7 Ways to Handle Employee Theft
Most companies will perform a full background check on their employees before they hire them. Especially if they will be handling sensitive assets such as money or gold/silver. However, sometimes, bad apples slip through the cracks and you could find yourself suspecting one of your best workers of the worst betrayal of them all- employee theft.
Examples include cashiers stealing money from the registers after closing time, or office workers casually taking office supplies from the storage room. As these crimes vary in where they happen and who is involved, there is never a universal way of handling the situation. Therefore, you’ll want to take a look at the following suggestions if you suspect someone of employee theft.
Here’s what you can do:
Evaluate the situation
- You will want to ask yourself questions as to why the employee is doing this. Was the theft intentional? Does the person have a background of engaging in this kind of behavior? Is the employee likely to do this again? It is questions like these that will help you decide whether the employee deserves a stern warning or immediate termination.
- Keep a clear head and don’t jump to conclusions right away. Wait a while and look for evidence that the employee is indeed stealing from the company. You could ask a bookkeeper to log the incident for you or even run an audit to check inventory records.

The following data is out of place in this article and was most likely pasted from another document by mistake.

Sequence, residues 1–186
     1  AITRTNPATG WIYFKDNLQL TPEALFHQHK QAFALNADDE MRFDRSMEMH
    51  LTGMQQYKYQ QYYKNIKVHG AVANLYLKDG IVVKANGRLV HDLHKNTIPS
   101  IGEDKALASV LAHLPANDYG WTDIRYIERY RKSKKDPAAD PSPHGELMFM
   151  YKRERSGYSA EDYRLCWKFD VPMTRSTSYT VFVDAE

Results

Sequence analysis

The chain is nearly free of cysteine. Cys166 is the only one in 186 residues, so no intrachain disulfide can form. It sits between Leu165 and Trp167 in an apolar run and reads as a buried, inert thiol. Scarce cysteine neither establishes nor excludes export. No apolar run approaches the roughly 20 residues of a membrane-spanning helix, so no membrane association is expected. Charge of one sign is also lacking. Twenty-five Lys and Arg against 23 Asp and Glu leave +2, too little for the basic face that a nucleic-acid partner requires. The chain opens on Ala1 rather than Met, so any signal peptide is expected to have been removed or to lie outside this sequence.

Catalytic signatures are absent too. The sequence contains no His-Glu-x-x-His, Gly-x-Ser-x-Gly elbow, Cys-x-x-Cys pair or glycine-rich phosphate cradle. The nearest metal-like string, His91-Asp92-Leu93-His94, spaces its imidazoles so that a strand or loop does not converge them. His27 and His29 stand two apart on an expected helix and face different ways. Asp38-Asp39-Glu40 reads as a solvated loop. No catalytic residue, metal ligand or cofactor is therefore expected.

Don’t discuss the situation with other employees
- Talking about the situation with fellow employees could reveal confidential information and ruin the authenticity of the investigation.
Supervise the employee closely
- It is common for employees who regularly steal from the office to stop their activities for several weeks or months while their employer is watching them closely. Therefore, be vigilant because it might happen again if you’ve decided to terminate the employee.
Fire the employee
- If you find out that the employee has actually been stealing from the company, the time has come to fire this individual. Make sure to watch the employee as he or she is leaving as employees have been known to take important documents with them upon exiting the premises.
Notify the police
- You will usually need a police report for insurance purposes if your insurance covers employee theft for example. However, we advise this option lightly as it may make you lose trust with your employees and sabotage the investigation.
Prevent another occurrence
- Employee theft is a big deal for any business, big or small. In order to prevent it from happening again, you will most likely want to establish some ground rules. If theft is common at your business, consider establishing a zero-tolerance policy that addresses employee theft in detail. Make it clear what you consider to be theft, and restrict areas that should be off limits for employees. Installing storage lockers for employees could also reduce employee theft.
Employee theft is a problem almost every way you look at it. If you suspect it is happening, it will only get worse if you try to sweep it under the rug. Remember to stick to the evidence and follow company policy in the event of a real employee theft.
And if you’re not entirely sure how secure your establishment is, you may want to consider hiring a commercial locksmith to inspect the locks you have on your filing cabinets, lockers and storage rooms. Or your safes if you are a bank or a business that uses a safe.